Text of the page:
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Helping people help others in the name of Jesus Christ

Isam Itson | Practically Holy | Polite

By, Isam Itson III

Love is not rude, – 1 Corinthians 13:5

When the author of the text says that love is not rude, he is saying that love is polite or courteous. Practicing courtesy is the simplest way to practice respect for others. Honoring the social norms of our society that demonstrate respect for others is a principle expression of love. The word translated rude means to behave dishonorably, to act shamefully, and to act in defiance of social and moral standards with resulting disgrace, embarrassment, and shame. A loving person conducts themselves positively in their society. A loving person expresses respect for the people they encounter throughout their daily life.

When you see someone who makes their child say please and thank you and respond to common greetings they are teaching their children to behave respectfully. When the child fails the parent usually apologizes for their child and then corrects their child. Common courtesies are important for initiating  and nurturing our relationships as well as maintaining harmony in our societies at large. As our communities become more ethnically, economically, and culturally diverse it is critical to take the time necessary to learn how each of us expresses honor and respect for others. I do know the need to learn about individuals and groups of people who are different than me is critical to developing respectful, honorable, and trusting relationships within my local community.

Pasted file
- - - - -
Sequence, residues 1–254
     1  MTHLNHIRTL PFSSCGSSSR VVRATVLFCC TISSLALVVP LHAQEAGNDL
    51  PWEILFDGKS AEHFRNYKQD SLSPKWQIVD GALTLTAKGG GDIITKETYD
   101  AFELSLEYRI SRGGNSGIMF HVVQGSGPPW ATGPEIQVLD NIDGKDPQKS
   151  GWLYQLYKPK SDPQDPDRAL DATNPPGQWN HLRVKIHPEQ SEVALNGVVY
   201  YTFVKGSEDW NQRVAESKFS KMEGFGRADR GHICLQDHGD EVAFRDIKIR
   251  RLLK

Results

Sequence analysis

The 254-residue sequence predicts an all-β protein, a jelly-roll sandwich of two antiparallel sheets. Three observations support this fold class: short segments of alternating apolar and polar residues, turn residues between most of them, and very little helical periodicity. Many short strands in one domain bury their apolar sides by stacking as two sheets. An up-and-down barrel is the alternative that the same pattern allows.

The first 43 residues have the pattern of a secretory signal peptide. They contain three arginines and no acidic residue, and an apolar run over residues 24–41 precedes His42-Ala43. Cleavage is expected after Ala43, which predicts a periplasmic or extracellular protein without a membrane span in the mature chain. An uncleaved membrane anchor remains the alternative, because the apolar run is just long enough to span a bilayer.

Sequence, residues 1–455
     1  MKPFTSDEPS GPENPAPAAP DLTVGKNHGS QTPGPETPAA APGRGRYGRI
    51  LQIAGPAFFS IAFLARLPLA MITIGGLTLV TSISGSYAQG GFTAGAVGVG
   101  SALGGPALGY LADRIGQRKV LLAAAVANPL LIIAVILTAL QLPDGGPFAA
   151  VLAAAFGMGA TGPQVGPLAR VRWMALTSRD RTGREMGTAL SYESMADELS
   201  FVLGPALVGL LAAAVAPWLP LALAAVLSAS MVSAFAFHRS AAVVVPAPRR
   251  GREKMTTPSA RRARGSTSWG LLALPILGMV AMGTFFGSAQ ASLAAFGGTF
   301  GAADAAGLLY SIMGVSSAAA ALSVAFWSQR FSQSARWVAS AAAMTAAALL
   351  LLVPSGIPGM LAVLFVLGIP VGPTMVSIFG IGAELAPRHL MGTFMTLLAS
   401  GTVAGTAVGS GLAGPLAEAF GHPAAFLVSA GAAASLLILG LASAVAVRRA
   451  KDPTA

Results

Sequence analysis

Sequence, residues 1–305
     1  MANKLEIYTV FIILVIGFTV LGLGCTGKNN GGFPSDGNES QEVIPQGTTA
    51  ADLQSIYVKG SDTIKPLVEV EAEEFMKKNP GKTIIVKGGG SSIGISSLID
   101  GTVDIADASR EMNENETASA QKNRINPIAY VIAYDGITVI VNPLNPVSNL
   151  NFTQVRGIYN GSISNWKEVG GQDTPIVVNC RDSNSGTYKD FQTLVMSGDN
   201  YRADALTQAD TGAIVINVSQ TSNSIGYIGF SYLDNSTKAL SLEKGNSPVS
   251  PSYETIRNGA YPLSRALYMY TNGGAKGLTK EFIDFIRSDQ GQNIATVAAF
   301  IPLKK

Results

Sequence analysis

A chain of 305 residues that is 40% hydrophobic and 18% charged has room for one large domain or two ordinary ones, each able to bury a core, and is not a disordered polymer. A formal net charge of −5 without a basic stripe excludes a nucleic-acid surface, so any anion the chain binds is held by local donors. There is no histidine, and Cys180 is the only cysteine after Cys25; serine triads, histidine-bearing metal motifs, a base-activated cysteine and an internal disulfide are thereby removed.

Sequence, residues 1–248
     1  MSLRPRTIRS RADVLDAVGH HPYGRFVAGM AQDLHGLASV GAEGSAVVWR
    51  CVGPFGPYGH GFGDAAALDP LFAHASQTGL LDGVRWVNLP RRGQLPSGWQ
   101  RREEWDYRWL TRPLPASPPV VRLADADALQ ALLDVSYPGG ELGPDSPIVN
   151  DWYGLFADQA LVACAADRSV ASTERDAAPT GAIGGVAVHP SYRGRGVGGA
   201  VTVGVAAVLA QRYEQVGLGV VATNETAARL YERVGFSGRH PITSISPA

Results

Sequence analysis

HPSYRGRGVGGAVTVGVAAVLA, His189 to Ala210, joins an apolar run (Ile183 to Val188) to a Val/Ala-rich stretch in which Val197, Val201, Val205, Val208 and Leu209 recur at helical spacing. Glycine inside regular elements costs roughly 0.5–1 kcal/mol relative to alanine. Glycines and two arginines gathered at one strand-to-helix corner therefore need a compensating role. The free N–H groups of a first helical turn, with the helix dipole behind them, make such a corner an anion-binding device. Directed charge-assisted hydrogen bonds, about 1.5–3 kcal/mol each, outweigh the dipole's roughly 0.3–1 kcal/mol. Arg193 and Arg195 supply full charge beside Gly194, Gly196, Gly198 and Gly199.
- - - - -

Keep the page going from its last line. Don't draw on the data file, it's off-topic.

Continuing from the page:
During the Rodney King riots in Los Angeles in 1992 there were a lot of small shops owned by Korean immigrants in Black neighborhoods that were destroyed. One of the things that came out in the aftermath of those events was almost too simple for most people outside of the community to process. However, it goes to our main point. 

I do not know what relations are like between the Korean and Black communities in Los Angeles today. But, in the late 1980’s and early 1990’s there was a lot of tension in Los Angeles between members of the Black community and Korean immigrants who ran small stores in predominantly Black neighborhoods. One of the key elements of that tension was a simple cultural disconnect. In the United States, when a clerk or shopkeeper gives someone change or a receipt they place it directly in the hand of their customer, person to person. In Korea, and many other parts of Asia, this is seen as disrespectful. The shopkeeper or clerk shows respect for their customer by placing the change or receipt on the counter so that their customer does not have to touch them as a sign of humility and respect.